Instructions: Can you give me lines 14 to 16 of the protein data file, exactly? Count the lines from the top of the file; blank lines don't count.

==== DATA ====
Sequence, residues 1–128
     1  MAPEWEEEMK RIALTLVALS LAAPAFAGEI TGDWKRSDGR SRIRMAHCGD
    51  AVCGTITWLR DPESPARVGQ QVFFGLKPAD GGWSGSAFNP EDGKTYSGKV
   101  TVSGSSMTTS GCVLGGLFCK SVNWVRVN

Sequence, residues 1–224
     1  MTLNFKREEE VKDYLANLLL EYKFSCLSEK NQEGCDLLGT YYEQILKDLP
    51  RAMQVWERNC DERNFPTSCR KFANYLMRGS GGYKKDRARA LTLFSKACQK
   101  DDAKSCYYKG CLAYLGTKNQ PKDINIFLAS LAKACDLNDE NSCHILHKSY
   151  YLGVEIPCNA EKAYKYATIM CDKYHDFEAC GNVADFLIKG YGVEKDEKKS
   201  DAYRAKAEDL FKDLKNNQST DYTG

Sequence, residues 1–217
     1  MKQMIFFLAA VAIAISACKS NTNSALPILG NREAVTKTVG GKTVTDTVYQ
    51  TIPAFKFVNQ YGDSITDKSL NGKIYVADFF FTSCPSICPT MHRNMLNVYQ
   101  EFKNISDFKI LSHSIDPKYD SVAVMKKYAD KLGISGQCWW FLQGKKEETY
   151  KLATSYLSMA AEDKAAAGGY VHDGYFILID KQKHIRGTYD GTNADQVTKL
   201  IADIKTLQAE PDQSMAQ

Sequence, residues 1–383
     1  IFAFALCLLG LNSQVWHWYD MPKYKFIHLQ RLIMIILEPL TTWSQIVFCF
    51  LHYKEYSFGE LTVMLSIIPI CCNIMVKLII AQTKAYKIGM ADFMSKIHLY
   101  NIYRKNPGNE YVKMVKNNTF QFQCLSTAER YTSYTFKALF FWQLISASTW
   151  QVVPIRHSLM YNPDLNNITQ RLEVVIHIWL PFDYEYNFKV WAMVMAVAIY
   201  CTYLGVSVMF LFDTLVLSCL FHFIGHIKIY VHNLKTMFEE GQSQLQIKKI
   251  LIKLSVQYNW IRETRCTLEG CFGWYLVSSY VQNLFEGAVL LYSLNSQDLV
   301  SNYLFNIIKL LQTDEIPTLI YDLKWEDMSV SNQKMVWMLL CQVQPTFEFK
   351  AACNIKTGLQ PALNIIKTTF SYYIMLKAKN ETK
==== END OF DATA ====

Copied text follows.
   101  EFKNISDFKI LSHSIDPKYD SVAVMKKYAD KLGISGQCWW FLQGKKEETY
   151  KLATSYLSMA AEDKAAAGGY VHDGYFILID KQKHIRGTYD GTNADQVTKL
   201  IADIKTLQAE PDQSMAQ